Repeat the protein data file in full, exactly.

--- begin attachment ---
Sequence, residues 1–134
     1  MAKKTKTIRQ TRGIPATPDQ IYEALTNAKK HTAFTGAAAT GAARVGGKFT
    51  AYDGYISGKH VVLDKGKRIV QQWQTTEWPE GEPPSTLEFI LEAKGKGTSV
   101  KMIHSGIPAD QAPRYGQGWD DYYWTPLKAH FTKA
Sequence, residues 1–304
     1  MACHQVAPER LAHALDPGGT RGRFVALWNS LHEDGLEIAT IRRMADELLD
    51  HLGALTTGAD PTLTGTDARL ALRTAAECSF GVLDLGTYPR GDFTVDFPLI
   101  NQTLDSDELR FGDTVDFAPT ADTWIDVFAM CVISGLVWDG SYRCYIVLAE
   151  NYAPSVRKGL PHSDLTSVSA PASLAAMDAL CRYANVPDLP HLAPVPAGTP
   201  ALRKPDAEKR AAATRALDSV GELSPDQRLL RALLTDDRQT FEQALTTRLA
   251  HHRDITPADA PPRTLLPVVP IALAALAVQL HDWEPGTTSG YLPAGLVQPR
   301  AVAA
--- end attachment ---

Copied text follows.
Sequence, residues 1–134
     1  MAKKTKTIRQ TRGIPATPDQ IYEALTNAKK HTAFTGAAAT GAARVGGKFT
    51  AYDGYISGKH VVLDKGKRIV QQWQTTEWPE GEPPSTLEFI LEAKGKGTSV
   101  KMIHSGIPAD QAPRYGQGWD DYYWTPLKAH FTKA
Sequence, residues 1–304
     1  MACHQVAPER LAHALDPGGT RGRFVALWNS LHEDGLEIAT IRRMADELLD
    51  HLGALTTGAD PTLTGTDARL ALRTAAECSF GVLDLGTYPR GDFTVDFPLI
   101  NQTLDSDELR FGDTVDFAPT ADTWIDVFAM CVISGLVWDG SYRCYIVLAE
   151  NYAPSVRKGL PHSDLTSVSA PASLAAMDAL CRYANVPDLP HLAPVPAGTP
   201  ALRKPDAEKR AAATRALDSV GELSPDQRLL RALLTDDRQT FEQALTTRLA
   251  HHRDITPADA PPRTLLPVVP IALAALAVQL HDWEPGTTSG YLPAGLVQPR
   301  AVAA